(Bloomberg) -- The Cboe Volatility Index has surpassed 50, a threshold last breached when the complex broke down in February 2018.
The VIX, as it is known, measures the 30-day implied volatility of the S&P 500 based on out of the money options prices. The so-called “fear gauge” at this level implies a more than 3% move in the benchmark U.S. stock gauge for each session over the coming month.
As elevated as that level is by historical standards, a VIX at 50 is still insufficient to provide a cushion if recent price action persists. Over the past 10 sessions, the S&P 500’s realized volatility is 53.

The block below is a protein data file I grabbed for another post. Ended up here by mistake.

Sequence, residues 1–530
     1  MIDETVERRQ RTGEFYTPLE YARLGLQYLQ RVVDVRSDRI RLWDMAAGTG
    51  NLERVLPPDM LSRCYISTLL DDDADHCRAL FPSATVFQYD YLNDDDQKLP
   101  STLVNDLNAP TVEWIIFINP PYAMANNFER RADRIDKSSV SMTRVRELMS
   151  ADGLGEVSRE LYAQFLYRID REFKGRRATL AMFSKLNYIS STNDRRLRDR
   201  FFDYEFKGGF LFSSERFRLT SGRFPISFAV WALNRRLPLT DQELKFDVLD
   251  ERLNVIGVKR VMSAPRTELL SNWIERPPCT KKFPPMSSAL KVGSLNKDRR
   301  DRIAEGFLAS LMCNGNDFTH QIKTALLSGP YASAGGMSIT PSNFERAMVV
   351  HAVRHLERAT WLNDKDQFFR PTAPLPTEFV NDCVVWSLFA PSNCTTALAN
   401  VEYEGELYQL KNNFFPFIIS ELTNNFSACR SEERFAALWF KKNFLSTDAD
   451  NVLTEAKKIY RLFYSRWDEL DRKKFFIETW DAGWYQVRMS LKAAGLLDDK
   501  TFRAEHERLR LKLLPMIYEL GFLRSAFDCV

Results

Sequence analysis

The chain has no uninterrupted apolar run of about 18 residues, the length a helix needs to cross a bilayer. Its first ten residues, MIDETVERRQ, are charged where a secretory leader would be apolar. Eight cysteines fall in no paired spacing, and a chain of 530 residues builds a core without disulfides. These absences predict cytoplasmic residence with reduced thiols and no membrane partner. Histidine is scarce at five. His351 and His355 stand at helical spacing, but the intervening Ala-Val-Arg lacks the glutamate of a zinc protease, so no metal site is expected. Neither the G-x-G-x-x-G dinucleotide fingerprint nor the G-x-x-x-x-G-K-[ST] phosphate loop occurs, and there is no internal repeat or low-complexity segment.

On Feb. 5, 2018, a massive spike in volatility futures after a long period of tranquility felled many exchange-traded products that let traders bet on enduring market calm. The feedback loop between these ETPs and the volatility market exacerbated the damage. Liquidity conditions were so poor during “Volmageddon” that the VIX Index actually peaked the following session.
Needless to say, this is terrible news for traders that rushed to short volatility after the spike at the end of February.
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